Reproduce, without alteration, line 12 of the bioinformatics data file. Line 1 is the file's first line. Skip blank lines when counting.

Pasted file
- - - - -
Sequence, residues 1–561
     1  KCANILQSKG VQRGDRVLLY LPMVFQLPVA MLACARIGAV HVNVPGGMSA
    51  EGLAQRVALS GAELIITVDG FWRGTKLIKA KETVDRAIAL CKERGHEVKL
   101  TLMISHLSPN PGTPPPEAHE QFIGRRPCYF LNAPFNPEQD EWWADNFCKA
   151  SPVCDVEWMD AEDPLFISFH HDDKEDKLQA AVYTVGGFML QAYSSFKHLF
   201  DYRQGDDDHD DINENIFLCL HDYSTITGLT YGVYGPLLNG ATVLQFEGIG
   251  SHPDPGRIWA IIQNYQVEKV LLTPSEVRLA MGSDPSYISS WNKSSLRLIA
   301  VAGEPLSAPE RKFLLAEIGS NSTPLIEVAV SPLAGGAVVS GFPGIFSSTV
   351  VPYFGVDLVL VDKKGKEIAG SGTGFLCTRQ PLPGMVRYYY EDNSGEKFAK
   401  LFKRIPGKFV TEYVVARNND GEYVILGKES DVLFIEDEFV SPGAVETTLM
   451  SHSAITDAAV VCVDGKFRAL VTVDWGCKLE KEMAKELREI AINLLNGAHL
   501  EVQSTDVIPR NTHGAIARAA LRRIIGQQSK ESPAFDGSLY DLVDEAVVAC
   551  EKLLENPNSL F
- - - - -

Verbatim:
   501  EVQSTDVIPR NTHGAIARAA LRRIIGQQSK ESPAFDGSLY DLVDEAVVAC